Maplecroft Finds Increase in Global Human Rights and Labor Standards Risk

Human rights and labor standards risks for companies and investors are increasing on a global scale, according to a new study from the risk analysis and mapping company Maplecroft.

The fifth annual Human Rights Risk Atlas (HRRA) found that nearly half (48 percent) of the 197 countries studied now pose extreme' or high' risks of corporate complicity in rights violations. All told, citizens in 95 countries are now exposed to human rights violations by states that's a 6 percent increase in countries posing extreme' or high' risks to business and investors since 2010.

What's the reason behind the increase in human rights and labor standards risk? Maplecroft cites three main factors:

the violent crackdown on protesters by security forces during the Arab Spring uprisings,

an emerging set of resource scarcity challenges for business, linked to large scale land grabs' in developing countries by foreign investors, aimed at increasing food, water and energy security at home, and

the global economic recession continued to challenge the rights of workers and has resulted in a trend for the trafficking of migrant workers for forced labor in countries such as Malaysia, Russia, South Africa and UAE.

Here is Maplecroft's ranking of the ten countries where there's the most extreme risk for human rights violations:

1. Sudan

2. DR Congo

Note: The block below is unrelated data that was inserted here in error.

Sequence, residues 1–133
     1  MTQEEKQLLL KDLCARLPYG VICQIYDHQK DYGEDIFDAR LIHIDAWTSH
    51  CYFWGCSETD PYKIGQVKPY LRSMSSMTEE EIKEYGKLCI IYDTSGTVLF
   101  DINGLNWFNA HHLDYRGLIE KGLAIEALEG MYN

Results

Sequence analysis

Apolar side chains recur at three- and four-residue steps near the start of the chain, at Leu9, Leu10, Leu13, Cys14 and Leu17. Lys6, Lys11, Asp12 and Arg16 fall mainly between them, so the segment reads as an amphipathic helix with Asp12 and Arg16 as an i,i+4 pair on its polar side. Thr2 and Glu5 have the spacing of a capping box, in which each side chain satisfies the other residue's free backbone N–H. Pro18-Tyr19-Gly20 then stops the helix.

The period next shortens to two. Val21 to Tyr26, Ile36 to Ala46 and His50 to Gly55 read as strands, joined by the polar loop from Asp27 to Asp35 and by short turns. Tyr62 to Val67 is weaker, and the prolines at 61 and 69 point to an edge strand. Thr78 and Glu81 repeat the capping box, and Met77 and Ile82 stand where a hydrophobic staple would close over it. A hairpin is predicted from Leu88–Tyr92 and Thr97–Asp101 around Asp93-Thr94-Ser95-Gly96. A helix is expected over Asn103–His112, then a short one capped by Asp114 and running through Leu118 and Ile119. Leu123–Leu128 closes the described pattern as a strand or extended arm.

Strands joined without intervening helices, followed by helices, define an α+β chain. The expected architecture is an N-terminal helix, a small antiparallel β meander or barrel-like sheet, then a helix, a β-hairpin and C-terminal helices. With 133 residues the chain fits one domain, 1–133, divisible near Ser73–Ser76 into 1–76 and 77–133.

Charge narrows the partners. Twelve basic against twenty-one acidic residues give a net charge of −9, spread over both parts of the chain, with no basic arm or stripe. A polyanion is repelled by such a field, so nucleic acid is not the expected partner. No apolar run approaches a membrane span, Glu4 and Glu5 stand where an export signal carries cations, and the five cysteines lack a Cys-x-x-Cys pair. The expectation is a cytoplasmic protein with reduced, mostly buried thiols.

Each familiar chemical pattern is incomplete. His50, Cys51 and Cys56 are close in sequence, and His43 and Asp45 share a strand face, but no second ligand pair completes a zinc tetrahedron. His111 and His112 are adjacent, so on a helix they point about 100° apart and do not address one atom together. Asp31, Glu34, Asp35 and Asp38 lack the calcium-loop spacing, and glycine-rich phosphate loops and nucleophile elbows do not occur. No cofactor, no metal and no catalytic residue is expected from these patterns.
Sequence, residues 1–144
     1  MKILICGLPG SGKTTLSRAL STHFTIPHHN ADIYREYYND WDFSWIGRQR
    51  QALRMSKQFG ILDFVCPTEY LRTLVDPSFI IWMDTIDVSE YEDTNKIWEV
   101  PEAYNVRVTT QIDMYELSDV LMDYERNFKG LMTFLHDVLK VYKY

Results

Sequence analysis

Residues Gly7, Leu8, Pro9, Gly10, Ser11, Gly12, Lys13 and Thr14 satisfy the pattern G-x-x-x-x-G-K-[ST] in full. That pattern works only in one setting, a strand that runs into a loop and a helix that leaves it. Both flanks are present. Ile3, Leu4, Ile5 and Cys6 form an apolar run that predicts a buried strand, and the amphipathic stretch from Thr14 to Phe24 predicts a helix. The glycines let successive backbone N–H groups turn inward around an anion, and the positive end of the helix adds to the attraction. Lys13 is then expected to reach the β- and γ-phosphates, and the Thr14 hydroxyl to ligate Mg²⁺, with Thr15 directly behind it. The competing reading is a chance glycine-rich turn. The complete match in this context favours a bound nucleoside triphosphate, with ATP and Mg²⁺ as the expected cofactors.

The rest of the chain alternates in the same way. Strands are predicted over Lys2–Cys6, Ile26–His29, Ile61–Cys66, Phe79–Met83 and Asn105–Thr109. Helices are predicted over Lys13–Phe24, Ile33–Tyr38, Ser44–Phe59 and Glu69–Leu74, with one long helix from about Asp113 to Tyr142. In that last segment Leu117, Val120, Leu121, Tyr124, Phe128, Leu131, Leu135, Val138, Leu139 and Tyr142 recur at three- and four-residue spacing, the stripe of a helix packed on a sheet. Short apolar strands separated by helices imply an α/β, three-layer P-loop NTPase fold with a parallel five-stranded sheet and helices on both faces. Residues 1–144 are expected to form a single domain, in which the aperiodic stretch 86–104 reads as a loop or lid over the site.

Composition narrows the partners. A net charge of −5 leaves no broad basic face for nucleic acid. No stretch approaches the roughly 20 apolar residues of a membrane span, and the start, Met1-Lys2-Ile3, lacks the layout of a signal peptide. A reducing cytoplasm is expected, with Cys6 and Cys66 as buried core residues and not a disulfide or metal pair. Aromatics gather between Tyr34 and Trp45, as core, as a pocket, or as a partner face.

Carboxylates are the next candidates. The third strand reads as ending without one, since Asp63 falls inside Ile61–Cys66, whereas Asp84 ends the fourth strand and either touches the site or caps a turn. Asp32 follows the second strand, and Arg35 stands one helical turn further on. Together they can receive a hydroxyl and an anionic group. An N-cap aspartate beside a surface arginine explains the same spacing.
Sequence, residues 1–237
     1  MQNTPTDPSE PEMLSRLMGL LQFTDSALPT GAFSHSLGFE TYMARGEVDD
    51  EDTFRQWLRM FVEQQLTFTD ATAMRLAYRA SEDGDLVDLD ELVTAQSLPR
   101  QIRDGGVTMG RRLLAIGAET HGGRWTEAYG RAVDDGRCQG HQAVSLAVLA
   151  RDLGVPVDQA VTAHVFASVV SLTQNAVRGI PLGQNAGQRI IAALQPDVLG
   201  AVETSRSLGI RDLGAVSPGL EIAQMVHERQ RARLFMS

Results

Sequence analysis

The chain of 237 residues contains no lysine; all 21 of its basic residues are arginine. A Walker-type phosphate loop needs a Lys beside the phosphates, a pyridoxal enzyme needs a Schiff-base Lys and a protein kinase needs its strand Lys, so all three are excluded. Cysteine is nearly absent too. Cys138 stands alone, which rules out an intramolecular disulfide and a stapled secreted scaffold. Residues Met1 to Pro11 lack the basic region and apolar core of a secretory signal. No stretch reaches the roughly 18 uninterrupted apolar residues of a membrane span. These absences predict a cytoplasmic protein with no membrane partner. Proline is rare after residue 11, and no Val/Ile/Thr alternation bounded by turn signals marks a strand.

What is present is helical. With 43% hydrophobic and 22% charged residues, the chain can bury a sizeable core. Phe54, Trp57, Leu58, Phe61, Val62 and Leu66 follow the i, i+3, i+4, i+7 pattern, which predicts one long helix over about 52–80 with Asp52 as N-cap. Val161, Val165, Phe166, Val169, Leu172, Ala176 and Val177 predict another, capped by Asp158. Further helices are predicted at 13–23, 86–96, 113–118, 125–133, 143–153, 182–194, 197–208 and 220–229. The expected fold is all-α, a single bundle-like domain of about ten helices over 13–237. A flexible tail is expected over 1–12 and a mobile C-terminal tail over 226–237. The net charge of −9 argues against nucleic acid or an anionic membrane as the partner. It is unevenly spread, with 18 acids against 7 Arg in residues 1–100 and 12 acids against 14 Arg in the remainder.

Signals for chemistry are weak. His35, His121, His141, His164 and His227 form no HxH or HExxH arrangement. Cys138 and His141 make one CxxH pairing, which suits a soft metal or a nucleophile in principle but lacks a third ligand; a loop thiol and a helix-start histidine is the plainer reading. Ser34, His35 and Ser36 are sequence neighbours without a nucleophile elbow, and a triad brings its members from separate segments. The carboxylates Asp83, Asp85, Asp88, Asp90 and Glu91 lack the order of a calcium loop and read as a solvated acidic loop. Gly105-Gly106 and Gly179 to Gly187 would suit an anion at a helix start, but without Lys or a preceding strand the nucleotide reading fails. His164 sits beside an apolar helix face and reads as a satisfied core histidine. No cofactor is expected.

3. Somalia

4. Afghanistan

5. Myanmar

6. Pakistan

7. North Korea

8. Yemen

9. Iraq

10. China

Centered on the broad categories of human security, labour rights, civil and political rights and access to remedy, the HRRA underscores the inter-connectedness between environmental, social and governance risks.

"In the face of a deteriorating human rights situation, corporations can expect increased scrutiny from stakeholders and investors, making it imperative for them to assess, mitigate, manage and monitor these risks," said Maplecroft CEO, Alyson Warhurst. "It is becoming critical for organizations to integrate environmental, social and governance factors, such as human rights impact assessment, into their decision making, or they leave themselves exposed to reputational damage, legal actions and costs to the business that in turn might lead to requirements to divest."

For more information see the Human Rights Risk Atlas 2012.

TAGS: Finance
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